Alyce LaViolette, M.S., MFT

Anger Management, Domestic Violence Counseling for Survivors and Perpetrators,
Gender Issues, and Expert Witness

Long Beach Office:

6621 E. Pacific Coast Highway Suite 220
Long Beach, CA 90803
310 968-4203   562 493-1161
562 596-6443 FAX

West Los Angeles Office:

2211 Corinth Ave. Suite 309
Los Angeles, CA 90064

Tips For Victims of Domestic Violence

Alyce LaViolette, 2001

  1. Don't blame yourself for provoking the abuse in your relationship. In a healthy relationship you can make-mistakes, get angry or even be-critical and not pay such a high price. You are not the "cause" of your partner's rage or violence and you-cannot be the cure.
  2. Acknowledge your efforts to maintain good home for your family, to create a safe environment and to support your partner. When we make promises to stay for better or worse, in good times and bad, we take those promises and commitments seriously. The important thing to realize is that one person cannot keep those commitments and promises; it takes both adults in the relationship.
  3. You cannot change someone else's behavior. Try to focus on problems you can solve like breaking your isolation by talking to people you trust, creating a safety plan for you and for your children, nurturing and caring for yourself.
  4. Get help. Call a local domestic violence hotline. They can provide you with direct services including counseling and, if you need it, emergency housing. They can also give you referrals to additional community resources.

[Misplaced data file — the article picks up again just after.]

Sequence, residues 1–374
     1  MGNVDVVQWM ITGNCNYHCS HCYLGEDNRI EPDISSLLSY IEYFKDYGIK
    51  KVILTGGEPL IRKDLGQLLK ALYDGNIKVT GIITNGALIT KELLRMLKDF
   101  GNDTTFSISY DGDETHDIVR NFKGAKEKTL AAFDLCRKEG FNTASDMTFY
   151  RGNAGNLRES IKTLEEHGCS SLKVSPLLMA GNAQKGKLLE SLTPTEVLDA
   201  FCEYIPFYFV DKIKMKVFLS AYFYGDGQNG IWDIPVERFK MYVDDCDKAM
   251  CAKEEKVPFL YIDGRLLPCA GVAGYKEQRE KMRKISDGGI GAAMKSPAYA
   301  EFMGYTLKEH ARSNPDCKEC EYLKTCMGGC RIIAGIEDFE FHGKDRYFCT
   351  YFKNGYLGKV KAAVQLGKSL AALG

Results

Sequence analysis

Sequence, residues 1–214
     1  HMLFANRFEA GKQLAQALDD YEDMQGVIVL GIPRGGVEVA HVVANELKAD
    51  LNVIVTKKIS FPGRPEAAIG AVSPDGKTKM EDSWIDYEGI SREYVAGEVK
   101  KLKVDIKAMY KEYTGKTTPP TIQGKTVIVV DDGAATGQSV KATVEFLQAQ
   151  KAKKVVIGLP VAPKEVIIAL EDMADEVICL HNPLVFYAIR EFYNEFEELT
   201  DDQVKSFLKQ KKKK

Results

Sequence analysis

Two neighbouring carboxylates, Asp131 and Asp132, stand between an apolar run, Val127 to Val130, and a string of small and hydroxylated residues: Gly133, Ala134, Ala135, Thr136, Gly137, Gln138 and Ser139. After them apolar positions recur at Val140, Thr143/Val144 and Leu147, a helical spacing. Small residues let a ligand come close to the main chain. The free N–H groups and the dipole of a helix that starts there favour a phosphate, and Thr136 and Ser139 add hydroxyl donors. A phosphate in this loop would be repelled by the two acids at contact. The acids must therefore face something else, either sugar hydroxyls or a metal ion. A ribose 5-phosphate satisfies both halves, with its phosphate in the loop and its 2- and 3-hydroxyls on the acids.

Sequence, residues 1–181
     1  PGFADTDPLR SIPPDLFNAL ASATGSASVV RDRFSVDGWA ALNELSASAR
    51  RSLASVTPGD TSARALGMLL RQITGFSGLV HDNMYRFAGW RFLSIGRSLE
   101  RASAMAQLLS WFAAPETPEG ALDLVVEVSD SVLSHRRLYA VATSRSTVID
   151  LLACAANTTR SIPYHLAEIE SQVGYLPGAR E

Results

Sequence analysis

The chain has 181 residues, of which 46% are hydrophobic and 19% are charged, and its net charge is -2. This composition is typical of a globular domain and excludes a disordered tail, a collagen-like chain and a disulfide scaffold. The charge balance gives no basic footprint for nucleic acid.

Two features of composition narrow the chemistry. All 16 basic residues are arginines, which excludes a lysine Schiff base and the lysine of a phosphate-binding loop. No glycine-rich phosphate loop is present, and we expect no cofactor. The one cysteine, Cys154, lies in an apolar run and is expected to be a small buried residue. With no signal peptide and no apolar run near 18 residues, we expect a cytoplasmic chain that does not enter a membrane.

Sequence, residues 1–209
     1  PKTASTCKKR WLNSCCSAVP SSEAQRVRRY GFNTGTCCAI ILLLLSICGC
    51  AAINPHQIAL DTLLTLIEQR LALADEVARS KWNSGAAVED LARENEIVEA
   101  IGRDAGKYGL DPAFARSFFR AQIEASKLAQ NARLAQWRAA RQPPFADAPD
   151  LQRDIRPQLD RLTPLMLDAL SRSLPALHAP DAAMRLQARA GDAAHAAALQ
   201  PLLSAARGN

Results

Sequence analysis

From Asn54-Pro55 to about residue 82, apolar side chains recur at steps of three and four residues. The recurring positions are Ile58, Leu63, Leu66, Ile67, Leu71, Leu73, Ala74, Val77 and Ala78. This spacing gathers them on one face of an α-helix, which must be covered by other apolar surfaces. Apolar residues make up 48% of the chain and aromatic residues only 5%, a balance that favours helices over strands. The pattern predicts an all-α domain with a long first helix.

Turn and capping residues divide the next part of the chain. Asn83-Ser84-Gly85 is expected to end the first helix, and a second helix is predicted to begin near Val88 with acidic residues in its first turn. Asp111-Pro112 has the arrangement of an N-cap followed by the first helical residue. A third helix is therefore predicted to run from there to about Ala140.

5. Compassion for your partner may mean strongly encouraging him/her to seek help, calling the police or even leaving. Remember love shouldn't hurt.

You may be in an abusive relationship if:

You are in an abusive relationship if your relationship is characterized by fear (emotional and/or physical), oppression and control.

Intimates should aim to keep their friendship and partnership alive and well.

Most of us learn about adult relationships by reading books, watching television or going to the movies. We learn that love equals romance, that men and women have specific

roles once they establish an intimate bond and that real love is a crazy, roller coaster ride. Unless we observed our parents treating each other respectfully and affectionately, these media caricatures become our reality. But real love is not crazy or based on fear. Fear gets in the way of love. Real intimacy is about friendship, affection, trust, respect, sexual and mental health.

Children who grow up in abusive families are affected even if they don't witness an incident. They feel the tension, hear things or see the results. And they learn survival skills that get in the way of their adult relationships. They learn that violence and rage - solve problems. They learn to be reactive and not proactive. They learn to interpret the behavior of others as threatening or betraying even when it isn't... and they learn how to survive in a persistent state of fear. You can interrupt the intergenerational cycle of violence by getting help.

All relationships have their share of problems and difficult times. No relationship is perfect. Adults expect particular things from each other. We do not unconditionally love, we have some conditions even though acceptance of the other person's basic personality is very important. Abuse gets in the way of intimacy. It creates a mood of apprehension and not a mood of trust. Abusive partners do not just stop being abusive because they tell you they will or make promises that they will change. Your abuser will not change without appropriate intervention, but you can change things for yourself and for your family. Call for help.